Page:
“I don’t welsh on my bets,” Ink retorted sharply, reaching out to pull at the long, thin rod slung over his back. You had to lean forward and crane your neck a bit to see it properly, and was surprised when a fluffy end was revealed. It was a ridiculously large paintbrush, at least as tall as the skeleton, maybe a bit longer. His grip wavered a bit, then he brought up the brush and swung it down. The end of the brush rippled, and the air around it responded in kind. Ink pulled the brush down and the ripple followed, colors exploding from the trembling air like a rainbow ink pen exploding. The ripple expanded, creating an oval of surging colors pulsing in the air, standing as tall as the skeleton himself.

            It was the most amazing bit of painting you’d ever seen.

            “Why don’t you just draw some gold from your reserves?” Slippers asked, though his eyes were captured by the odd horizontal ink-puddle. The ink dripped from the surface, but vanished before it could stain the alley floor.

            “I can’t just make things appear,” Ink huffed, reaching out to touch the puddle. It shuddered, then split in half, the ink retreating to form a frame about a hole in the air – no, in the world. On the other side of the hole was not the rest of the alley, but a completely different landscape. Floating islands dotted a sky of stars, each holding one or more doors. “It could disturb the order of this AU.”

            “Isn’t this a – what did you call it? – a Hub AU? What could mess it up more than every possible AU being able to travel here?” Slippers leaned closer to the portal, examining it with a critical eye, gaze skating over the various doors and their unique paint jobs.

            “I don’t want to know,” Ink huffed. “I’ll be back in five minutes.”

            “Kay.” Slippers took a step back, giving his – friend? Companion? Drinking-Buddy? – room to step through the portal. “If you’re late I’m sending Error after you.”

            Ink shot him a glare that made even you recoil against the bin, his pupils changing to sharp, jerky shapes. Slippers put his hands up and took another step back.

            “Fine, fine,” he conceded, before his grin grew even wider than before, “I’ll send Fresh instead.” He vanished before the smack Ink aimed at his head could reach him. The lone skeleton huffed and muttered something that sounded rather unflattering beneath his breath before turning back to his portal.

            “Should leave ‘em high and dry,” he snarled to himself, stepping through the ink and into the other world, “but he’d send those two and worse if I did.” The rest of his muttering was cut off as he disappeared amongst the trees, leaving the tantalizing portal sitting there, floating in mid-air, completely unguarded.

            Did you? Did you dare?

            You crept closer, clutching your backpack of art supplies close. This – this was what you wanted, wasn’t it? This was a monster that obviously appreciated art! He wore a giant freakin’ paint brush on his back, not to mention all those point vials on the belt hanging around his chest! You stopped at the edge of the portal and reached towards the ink, which was still throbbing and shifting with magic. Hesitating only a moment, you plunged a few of your fingers into the mass.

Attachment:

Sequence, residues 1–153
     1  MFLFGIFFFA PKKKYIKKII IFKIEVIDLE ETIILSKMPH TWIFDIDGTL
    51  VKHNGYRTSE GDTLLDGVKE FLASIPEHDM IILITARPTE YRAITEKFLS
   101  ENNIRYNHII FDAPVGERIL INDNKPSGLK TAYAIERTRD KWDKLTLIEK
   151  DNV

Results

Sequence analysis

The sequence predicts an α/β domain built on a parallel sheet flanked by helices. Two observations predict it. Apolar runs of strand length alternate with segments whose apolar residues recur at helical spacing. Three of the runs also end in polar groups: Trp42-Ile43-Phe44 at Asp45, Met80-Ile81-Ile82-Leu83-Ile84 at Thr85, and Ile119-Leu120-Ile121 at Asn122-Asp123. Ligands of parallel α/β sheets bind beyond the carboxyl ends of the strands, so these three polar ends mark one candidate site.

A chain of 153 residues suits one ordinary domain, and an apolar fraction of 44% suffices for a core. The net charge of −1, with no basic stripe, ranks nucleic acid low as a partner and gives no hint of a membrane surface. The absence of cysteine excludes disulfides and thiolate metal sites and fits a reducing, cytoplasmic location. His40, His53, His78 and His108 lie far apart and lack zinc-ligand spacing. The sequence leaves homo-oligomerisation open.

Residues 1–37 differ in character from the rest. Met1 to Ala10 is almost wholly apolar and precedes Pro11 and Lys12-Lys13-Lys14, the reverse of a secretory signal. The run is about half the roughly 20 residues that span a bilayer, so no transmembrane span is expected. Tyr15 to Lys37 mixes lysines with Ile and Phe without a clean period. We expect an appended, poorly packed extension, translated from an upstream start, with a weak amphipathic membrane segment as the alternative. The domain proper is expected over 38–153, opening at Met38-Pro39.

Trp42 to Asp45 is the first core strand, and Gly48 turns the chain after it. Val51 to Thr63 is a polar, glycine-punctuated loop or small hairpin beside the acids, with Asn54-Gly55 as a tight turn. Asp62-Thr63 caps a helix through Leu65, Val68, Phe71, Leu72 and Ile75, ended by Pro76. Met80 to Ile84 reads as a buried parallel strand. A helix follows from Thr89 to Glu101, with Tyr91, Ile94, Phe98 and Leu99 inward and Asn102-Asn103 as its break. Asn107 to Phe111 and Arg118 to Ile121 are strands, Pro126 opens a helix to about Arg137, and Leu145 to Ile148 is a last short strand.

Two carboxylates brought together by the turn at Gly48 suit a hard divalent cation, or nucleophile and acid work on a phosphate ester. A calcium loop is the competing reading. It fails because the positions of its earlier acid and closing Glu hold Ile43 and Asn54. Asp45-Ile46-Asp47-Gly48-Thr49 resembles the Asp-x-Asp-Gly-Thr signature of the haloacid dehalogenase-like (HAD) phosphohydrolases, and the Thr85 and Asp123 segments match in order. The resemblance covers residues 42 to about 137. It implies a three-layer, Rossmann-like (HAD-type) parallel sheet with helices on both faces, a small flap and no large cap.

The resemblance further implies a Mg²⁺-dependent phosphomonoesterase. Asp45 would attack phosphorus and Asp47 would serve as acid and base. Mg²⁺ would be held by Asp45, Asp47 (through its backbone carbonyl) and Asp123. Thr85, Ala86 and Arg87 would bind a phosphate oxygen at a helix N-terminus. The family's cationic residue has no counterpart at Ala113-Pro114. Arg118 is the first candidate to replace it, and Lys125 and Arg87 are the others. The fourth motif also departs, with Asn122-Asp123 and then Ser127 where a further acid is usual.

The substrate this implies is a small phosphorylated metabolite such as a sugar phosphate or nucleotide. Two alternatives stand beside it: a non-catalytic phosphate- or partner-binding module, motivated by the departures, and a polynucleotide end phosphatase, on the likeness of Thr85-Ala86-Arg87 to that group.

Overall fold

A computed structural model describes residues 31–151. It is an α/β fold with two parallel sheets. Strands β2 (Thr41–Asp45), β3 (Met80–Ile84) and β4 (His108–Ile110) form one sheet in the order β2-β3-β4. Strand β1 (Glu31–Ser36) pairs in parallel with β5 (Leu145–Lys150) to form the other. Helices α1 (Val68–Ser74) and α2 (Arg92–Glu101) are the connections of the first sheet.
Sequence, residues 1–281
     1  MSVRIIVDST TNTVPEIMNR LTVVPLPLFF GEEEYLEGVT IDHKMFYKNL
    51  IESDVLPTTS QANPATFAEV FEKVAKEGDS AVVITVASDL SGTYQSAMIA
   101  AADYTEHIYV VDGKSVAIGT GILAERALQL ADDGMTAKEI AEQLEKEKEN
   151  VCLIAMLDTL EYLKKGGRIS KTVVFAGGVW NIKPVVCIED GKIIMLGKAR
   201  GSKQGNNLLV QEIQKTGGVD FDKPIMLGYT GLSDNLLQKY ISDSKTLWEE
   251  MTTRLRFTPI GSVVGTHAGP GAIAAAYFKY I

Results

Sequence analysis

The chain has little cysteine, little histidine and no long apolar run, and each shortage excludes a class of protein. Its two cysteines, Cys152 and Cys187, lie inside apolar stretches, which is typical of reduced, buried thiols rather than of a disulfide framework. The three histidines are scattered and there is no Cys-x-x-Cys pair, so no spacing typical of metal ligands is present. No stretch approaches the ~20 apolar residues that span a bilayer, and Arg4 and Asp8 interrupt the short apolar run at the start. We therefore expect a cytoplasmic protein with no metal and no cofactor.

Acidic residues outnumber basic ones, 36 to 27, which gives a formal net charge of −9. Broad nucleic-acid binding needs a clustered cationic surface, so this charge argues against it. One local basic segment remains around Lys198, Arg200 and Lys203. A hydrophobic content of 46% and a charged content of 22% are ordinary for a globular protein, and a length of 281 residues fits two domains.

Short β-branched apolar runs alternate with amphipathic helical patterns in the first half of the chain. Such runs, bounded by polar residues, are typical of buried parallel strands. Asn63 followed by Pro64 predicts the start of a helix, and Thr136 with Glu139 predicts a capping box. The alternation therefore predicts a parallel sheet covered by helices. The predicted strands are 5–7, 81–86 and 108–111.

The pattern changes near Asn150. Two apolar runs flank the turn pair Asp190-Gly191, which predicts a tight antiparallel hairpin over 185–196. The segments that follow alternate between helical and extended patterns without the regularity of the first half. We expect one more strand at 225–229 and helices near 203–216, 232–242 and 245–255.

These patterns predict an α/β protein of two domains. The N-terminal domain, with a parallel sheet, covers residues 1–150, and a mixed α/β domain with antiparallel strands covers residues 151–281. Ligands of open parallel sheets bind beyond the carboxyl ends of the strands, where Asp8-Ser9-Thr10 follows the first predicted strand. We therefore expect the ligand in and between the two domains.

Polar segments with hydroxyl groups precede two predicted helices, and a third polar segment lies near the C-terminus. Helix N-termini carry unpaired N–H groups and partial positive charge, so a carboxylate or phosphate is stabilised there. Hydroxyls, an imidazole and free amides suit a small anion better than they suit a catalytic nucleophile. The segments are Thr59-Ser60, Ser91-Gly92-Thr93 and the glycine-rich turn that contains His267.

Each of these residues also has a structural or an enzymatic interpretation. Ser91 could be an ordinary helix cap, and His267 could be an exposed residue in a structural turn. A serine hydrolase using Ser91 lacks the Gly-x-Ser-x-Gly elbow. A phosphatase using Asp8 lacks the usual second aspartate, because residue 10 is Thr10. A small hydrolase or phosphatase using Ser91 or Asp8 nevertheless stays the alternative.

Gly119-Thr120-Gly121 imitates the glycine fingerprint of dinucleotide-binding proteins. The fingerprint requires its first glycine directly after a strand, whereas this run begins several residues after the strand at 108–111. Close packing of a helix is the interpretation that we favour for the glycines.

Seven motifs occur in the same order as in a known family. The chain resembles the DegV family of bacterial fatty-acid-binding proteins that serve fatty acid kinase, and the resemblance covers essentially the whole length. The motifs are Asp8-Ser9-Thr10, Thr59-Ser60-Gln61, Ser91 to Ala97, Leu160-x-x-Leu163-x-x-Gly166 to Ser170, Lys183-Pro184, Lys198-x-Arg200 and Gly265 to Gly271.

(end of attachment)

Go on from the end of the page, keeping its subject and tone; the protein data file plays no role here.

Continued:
It was warm. The ink was pure magic, warm and tickling and setting your nerves on end like an electric shock. You withdrew your hand, taking none of the ink with you. There was a light hue of yellow and purple about your fingers, but it faded the longer you stared at it. Taking several steps over, to where the portal part was lowest, you paused and reached, tentatively, towards the other world. You hand passed through another pulse of magic, then arrived safely in the foreign land. The cobblestone path that led from the portal was rough beneath your hand, and without thinking you slung your backpack over your shoulder and plunged your other arm in. In only moments you had pulled yourself through into this new place, leaving the alley standing empty on the other side of the ink-ringed portal.

            The skeleton that had created the portal, Ink, was nowhere to be seen, but he had to be coming back. He had promised Slippers he’d return, after all, which meant you needed to find a place to hide for now. Despite being an artist at heart, you didn’t want to risk imposing or scaring Ink and getting yourself kicked out of this place. There were bushes lining each side of the path, which curved forward through a small thicket of trees to a large, round meadow. There was a pond with some kind of miniature waterfall made of tumbled rocks, and a huge willow tree leaning over it, stroking the swelling water with its leaves. Beyond the pond the land vanished, ending abruptly to a star-spackled expanse of sky. Other small islands floated beyond, each having one or more doors, each door painted with its own unique pattern. They all seemed smaller than this one.

            Footsteps pulled you from your thoughts, and without pause you threw yourself into the bushes beside the cobblestone. Ink appeared at the end of the path, clutching a leather wallet in one hand and massaging his temple with the other. He was cursing someone named Horror for challenging him to a drinking game, and cursing someone else named Sans for goading him into the wager. Without giving the bushes a second look he vanished through the portal, which closed behind him with a zipper-like movement.

            You waited, tense beneath the tangle of branches, for several minutes, but Ink didn’t return. With a heavy sigh, you rolled out to the cobblestones once again and stood, adjusting your backpack over both shoulders and brushing off your paint-stained sweater and jeans. The path stretched out in front of you, just waiting for someone to travel the stones and explore this new, vast, odd world.

            Grinning so hard it hurt, you obliged.